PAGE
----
RICHMOND- Governor Bob McDonnell today announced that the Virginia Department of Forestry (VDOF) and the Department of Conservation and Recreation (DCR) are partnering with Isle of Wight County to permanently conserve a forested tract of land that helps protect an important source of drinking water in Hampton Roads. It is considered ideal habitat for the globally rare longleaf pine, and features more than five miles of frontage on the Blackwater River.
Commenting about the partnership, Governor McDonnell noted, “The conservation of these 2500 acres is another step forward towards our goal of conserving 400,000 additional acres of Virginia land by the end of my term. This acquisition was made possible through a partnership by the Department of Forestry, the Virginia Land Conservation Fund and the US Fish and Wildlife Service. It’s this kind of cooperation that will ensure success in our bipartisan efforts to conserve more of Virginia’s environmentally important and sensitive areas. I commend the efforts of all involved, and extend a special thanks to those who have been leading the initiative, in particular Thomas Wright, a member of the Isle of Wight County Board of Supervisors, Paul Burton, interim Isle of Wight county attorney, Mark Popovich, Isle of Wight assistant county attorney, and The Nature Conservancy’s Brian van Eerden.”
Isle of Wight County recently completed the purchase of the 2,507 acres that offer a wide range of public benefits (recreation; forest habitat; protection of old-growth swamp forest; wildlife conservation, and drinking water protection). Isle of Wight County officials, together with The Nature Conservancy (TNC), approached state agencies to secure funding for a permanent conservation easement on the property. The Department of Forestry has secured $850,000 in federal Forest Legacy funds; the Virginia Land Conservation Fund will contribute $566,000; and the US Fish and Wildlife Service will add $75,000 through the North American Wetlands Conservation Act program.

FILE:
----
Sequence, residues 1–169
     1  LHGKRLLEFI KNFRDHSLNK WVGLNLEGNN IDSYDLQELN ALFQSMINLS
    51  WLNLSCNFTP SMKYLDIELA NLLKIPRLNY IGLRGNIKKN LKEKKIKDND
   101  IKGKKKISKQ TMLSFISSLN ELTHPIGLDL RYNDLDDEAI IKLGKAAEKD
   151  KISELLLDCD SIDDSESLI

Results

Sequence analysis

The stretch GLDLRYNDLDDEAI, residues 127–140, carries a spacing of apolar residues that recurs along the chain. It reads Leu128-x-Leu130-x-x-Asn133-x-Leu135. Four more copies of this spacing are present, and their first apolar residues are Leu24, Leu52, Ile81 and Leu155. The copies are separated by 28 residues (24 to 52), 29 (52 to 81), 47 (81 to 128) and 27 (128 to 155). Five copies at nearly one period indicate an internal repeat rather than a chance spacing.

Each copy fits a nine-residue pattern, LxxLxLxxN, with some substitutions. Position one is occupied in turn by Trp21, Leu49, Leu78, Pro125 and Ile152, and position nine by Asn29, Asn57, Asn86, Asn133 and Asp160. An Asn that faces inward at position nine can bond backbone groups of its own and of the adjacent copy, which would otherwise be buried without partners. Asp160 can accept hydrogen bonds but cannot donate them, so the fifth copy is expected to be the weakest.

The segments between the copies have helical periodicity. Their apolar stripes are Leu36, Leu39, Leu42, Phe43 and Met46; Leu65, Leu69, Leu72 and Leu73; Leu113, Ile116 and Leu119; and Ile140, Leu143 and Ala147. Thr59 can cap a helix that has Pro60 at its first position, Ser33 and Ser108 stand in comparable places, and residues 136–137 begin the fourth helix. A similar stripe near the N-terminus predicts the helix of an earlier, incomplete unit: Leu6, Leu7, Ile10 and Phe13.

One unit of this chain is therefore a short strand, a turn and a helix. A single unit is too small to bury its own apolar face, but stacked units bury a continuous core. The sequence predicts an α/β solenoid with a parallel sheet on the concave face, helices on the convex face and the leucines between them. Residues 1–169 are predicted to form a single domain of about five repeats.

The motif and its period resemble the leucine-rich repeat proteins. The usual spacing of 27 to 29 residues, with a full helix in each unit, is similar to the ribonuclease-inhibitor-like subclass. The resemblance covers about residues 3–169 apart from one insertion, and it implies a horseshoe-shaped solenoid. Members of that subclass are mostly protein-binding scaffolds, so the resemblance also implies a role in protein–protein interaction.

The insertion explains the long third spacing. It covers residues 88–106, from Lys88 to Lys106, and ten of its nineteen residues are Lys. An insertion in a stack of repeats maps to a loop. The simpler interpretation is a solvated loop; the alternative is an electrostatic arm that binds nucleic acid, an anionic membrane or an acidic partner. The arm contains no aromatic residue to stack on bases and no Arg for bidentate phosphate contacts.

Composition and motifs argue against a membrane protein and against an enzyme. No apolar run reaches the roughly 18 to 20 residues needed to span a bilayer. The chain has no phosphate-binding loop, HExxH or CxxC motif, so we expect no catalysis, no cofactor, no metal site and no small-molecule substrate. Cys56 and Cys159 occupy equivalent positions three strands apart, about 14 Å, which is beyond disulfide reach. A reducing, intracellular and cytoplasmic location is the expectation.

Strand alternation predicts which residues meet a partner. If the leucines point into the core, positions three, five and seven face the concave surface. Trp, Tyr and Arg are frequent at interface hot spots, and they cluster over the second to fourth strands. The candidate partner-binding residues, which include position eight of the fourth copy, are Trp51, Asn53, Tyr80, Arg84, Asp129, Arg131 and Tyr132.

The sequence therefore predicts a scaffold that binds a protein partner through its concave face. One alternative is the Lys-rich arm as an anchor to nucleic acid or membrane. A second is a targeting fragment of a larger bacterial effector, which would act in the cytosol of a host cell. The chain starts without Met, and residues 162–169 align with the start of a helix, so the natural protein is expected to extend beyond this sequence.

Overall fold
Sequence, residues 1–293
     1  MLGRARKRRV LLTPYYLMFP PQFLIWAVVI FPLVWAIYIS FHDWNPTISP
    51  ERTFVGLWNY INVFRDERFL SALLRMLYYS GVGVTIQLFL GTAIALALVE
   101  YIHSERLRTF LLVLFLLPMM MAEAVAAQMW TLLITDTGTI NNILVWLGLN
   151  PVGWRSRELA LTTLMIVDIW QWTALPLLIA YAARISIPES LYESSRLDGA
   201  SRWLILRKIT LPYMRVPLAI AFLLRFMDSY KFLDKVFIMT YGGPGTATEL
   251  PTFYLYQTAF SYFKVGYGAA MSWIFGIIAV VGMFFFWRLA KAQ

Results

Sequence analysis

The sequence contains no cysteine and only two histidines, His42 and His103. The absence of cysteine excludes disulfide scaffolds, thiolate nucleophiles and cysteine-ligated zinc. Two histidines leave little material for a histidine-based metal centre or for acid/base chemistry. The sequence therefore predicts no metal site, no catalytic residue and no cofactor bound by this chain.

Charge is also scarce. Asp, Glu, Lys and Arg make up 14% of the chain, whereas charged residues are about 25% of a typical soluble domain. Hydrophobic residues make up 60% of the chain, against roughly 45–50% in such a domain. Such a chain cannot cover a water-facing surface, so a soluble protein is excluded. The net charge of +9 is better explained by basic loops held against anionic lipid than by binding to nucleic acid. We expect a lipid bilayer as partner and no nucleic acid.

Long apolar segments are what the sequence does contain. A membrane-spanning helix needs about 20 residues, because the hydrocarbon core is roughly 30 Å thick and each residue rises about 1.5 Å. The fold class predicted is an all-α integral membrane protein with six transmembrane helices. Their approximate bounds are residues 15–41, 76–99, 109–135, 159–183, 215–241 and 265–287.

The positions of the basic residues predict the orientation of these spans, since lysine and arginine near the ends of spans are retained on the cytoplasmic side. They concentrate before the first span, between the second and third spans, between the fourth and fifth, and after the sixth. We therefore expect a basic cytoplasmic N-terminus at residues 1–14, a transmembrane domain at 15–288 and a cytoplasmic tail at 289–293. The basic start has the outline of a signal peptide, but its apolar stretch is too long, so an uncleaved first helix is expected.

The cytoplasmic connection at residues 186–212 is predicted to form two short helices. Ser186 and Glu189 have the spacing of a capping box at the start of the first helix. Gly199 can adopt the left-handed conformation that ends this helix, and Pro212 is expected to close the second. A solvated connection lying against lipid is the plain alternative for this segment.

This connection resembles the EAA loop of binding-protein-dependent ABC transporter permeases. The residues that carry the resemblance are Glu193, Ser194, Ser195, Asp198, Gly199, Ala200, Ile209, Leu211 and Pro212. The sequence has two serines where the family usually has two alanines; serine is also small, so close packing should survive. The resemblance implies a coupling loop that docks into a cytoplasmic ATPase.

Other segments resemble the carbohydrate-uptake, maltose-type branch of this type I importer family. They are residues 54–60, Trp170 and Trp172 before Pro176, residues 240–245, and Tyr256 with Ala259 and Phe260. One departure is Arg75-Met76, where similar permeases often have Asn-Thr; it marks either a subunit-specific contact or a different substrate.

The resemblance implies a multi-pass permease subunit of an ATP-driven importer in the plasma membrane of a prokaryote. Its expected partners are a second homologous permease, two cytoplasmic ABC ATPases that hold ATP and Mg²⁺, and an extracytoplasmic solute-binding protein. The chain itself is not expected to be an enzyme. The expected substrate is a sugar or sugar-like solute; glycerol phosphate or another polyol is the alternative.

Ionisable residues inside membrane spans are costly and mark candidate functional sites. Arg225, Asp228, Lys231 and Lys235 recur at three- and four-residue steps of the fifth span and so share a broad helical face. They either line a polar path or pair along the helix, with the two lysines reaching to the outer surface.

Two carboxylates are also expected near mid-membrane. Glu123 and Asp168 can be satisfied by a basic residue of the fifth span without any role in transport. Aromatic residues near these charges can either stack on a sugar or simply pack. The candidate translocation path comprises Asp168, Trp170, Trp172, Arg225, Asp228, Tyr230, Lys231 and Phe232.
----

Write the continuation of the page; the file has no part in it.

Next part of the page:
More than 700,000 residents of Norfolk, Virginia Beach and portions of Chesapeake and Portsmouth receive their drinking water from the Blackwater River and other sources. Having a large portion of the adjacent river’s forestland protected through a conservation easement would help ensure clean water for those people as forests function as filters to keep pollutants from entering the river.
Ownership by the County of Isle of Wight should afford new recreational opportunities on more than five miles of the Blackwater, which was recently designated a State Scenic River. By establishing designated launch sites on the property, canoe and kayak enthusiasts will have additional opportunities for some great flat-water paddling. And the network of forest roads offers ample opportunities for walking, hiking, bird watching and other low-impact recreational activities.
The sandy and sandy-loam soils of the upland portions of the land offer ideal conditions for pine management, particularly for longleaf pine, which occurred on the site until the 1970s. This globally rare ecosystem, which stretches from Virginia’s coastal plain to Texas, is considered one of the most ecologically diverse in the world – with more than 900 endemic plant species. It is also one of the most endangered, having been reduced to just 3 percent of its original range. (Longleaf pine was prized for its straight, strong wood – most ships’ masts were longleaf pines – and for its disease and pest resistance.)
State Forester Carl Garrison said, “This forest has so many public benefits, it just has to be conserved. We are very excited to be partnering with Isle of Wight County and our colleagues at DCR to ensure that a significant portion of this property remains a working forest. And we are grateful to The Nature Conservancy, the US Forest Service’s Forest Legacy program and the US Fish and Wildlife Service for their help in this regard.”
2017 Chapter Annual Meeting
1 week ago